It is a mess. The dams built for flood control are doing their job. The construction costs are being repaid to the Federal Government. People are enjoying lakeside recreation in a parched countryside. Irrigated crops are thriving and the dryland crops are hurting from drought. Court is in session and the lawyers are getting rich with Kansas hoping to reap a huge windfall from Nebraska taxpayers. It is a shame that rational people did not get together to solve the problem of decreased stream flow due to ground water pumping and come up with an equitable solution. Obviously it was too complicated a problem to be solved by politicians protecting their own special interests. So the whole thing was thrown into the court system "With liberty and justice for all!" Fat chance! Keep your hand on your back pocket because your wallet is about to be raided.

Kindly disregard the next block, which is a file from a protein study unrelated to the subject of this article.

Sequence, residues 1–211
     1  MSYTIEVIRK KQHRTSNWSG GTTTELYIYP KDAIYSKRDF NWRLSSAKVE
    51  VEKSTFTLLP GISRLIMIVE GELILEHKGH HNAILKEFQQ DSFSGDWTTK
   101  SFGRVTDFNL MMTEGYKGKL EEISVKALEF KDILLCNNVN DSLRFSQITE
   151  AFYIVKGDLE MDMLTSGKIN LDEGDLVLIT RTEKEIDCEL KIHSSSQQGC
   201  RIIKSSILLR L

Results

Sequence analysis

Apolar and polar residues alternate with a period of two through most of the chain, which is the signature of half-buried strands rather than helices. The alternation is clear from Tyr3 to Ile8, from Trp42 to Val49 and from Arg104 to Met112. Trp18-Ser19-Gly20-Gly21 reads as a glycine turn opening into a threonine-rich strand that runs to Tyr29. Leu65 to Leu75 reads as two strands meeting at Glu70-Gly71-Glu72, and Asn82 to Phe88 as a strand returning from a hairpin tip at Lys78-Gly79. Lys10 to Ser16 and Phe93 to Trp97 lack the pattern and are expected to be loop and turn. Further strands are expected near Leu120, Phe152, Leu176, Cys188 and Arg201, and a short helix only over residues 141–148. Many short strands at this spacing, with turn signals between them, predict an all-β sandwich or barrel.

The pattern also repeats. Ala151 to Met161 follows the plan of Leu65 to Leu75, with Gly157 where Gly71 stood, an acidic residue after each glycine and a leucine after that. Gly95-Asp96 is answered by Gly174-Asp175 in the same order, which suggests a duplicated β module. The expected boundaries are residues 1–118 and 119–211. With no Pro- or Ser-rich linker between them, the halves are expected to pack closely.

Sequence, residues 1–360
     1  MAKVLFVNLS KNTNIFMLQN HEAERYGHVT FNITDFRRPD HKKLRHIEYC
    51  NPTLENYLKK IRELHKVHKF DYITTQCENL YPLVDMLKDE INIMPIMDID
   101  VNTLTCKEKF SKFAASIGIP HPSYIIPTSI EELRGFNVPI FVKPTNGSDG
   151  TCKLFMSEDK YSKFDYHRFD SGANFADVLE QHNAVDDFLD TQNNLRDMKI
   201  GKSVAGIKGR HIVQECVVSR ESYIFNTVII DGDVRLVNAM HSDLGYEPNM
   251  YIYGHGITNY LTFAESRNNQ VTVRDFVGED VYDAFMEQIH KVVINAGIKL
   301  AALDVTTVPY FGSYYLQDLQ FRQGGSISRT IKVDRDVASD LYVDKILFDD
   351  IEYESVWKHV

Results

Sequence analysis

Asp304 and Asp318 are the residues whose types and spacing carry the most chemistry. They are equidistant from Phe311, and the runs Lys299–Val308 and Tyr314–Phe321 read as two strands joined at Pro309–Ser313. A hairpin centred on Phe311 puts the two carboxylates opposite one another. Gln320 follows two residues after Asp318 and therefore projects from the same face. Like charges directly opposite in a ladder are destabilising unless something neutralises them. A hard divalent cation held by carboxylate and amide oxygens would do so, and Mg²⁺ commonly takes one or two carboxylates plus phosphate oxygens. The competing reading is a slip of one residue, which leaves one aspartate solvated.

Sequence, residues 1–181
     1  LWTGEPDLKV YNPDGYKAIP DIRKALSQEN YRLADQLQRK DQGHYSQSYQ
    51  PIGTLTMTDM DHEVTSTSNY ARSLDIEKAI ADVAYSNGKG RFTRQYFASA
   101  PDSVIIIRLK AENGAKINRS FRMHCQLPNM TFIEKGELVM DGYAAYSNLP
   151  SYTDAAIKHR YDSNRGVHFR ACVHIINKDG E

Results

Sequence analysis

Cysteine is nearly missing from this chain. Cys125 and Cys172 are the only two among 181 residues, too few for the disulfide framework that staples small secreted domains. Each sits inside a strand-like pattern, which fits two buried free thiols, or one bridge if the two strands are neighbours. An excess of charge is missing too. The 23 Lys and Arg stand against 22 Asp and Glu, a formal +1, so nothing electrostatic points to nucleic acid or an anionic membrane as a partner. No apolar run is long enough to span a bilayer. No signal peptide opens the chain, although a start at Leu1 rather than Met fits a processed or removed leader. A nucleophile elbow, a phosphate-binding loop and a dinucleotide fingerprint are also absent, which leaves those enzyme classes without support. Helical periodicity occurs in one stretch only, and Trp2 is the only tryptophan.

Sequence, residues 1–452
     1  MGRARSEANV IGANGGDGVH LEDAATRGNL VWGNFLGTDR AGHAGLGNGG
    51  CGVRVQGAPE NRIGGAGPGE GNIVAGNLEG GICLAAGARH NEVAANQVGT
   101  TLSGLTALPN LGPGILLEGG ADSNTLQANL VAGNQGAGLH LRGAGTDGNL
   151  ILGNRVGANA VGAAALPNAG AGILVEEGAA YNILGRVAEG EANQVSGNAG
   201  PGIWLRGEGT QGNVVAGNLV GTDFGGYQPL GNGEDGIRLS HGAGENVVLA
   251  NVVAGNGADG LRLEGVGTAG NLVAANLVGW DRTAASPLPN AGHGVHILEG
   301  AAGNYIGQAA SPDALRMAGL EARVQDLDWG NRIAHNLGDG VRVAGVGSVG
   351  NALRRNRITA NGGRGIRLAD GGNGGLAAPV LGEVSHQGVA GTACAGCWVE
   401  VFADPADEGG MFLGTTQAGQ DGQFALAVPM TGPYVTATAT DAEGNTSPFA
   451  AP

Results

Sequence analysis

That is the way I saw it. Dick Trail